Neonicotinoids: Commission moves to legislate to protect bees
The European Commission has said it will take legislative action to protect honey bees from the effects of neonicotinoids but has ruled out a complete ban.
The move comes after a report on three popular neonicotinoids produced by Syngenta and Bayer by European food safety watchdog EFSA suggested the pesticides were harmful to bees.
Some individual member states already place restrictions on the use of neonicotinoids, but health commissioner Tonio Borg told the EU agriculture this afternoon EFSA’s concerns showed bees now needed to be given the same level of protection across the EU.
The EC would therefore propose a set of “ambitious yet but proportionate legislative measures” on neonicotinoid use in the EU, which would be presented at a meeting of the Standing Committee on the Food Chain and Animal Health later this week, Borg said.
Borg did not specify exactly how the EC would propose to restrict neonicotinoid use but said a total ban was not on the cards. “In fact, a number of safe uses of these substances as regards bees have been identified by EFSA. A total ban would not therefore be justified,” he said.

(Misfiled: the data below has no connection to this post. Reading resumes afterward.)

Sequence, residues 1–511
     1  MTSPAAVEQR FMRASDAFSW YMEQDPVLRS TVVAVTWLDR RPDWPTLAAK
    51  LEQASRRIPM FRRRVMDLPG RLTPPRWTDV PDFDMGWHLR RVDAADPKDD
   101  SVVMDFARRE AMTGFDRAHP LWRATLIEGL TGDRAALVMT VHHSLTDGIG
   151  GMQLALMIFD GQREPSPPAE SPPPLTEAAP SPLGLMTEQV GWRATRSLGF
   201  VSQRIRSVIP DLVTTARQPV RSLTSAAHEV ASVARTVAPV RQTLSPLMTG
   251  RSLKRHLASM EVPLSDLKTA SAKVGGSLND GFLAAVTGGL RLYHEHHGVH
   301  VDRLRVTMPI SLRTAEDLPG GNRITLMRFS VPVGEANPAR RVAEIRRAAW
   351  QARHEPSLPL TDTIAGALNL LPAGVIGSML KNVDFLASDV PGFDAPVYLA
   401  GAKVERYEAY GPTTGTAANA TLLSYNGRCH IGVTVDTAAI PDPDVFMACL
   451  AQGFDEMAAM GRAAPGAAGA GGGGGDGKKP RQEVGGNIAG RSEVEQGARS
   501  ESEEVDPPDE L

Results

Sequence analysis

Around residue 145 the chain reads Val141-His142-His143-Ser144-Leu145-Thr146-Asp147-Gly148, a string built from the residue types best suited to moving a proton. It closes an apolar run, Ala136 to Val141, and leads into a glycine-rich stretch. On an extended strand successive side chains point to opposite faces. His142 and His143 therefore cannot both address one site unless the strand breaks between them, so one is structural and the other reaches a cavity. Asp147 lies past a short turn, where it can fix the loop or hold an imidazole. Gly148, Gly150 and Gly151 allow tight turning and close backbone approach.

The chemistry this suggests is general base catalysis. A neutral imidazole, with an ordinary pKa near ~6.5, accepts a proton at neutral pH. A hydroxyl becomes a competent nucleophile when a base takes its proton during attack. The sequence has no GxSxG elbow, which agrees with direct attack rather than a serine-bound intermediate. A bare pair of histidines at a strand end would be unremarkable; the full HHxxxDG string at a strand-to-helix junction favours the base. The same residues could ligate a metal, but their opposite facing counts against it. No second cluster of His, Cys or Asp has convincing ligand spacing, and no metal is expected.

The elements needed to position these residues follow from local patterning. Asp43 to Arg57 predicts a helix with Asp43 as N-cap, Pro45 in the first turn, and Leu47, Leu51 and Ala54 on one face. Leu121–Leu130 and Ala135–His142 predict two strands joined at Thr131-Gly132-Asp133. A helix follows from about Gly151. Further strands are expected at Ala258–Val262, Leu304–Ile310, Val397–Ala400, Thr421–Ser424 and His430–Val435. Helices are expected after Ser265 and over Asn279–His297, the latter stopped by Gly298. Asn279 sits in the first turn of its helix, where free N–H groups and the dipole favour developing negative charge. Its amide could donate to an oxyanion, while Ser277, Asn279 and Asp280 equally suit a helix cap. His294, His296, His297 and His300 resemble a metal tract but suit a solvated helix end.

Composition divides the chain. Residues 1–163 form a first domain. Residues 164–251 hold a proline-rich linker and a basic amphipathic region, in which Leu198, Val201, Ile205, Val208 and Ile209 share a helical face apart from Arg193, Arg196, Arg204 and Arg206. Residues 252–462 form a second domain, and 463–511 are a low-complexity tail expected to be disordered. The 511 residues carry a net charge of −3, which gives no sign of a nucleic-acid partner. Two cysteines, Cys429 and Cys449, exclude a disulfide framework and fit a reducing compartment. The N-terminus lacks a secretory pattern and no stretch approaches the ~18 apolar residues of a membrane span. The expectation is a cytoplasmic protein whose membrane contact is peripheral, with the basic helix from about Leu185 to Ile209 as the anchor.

He added EFSA would finalise new risk assessment guidance on neonicotinoids and bees in May this year.
Environmental campaigners have long warned that neonicotinoids threaten bee populations, but Syngenta and Bayer have challenged the recent EFSA report. A spokesman for Syngenta was reported as saying EFSA’s report was the result of political pressure and hurried and inadequate risk assessment, while Bayer has argued bee populations are in decline for a number of reasons, not necessarily neonicotinoids.
Borg said the health of the European bee population was of paramount importance. “Whilst the health of ourbees may be threatened by other factors, we must take decisive action wherever appropriate,” he added.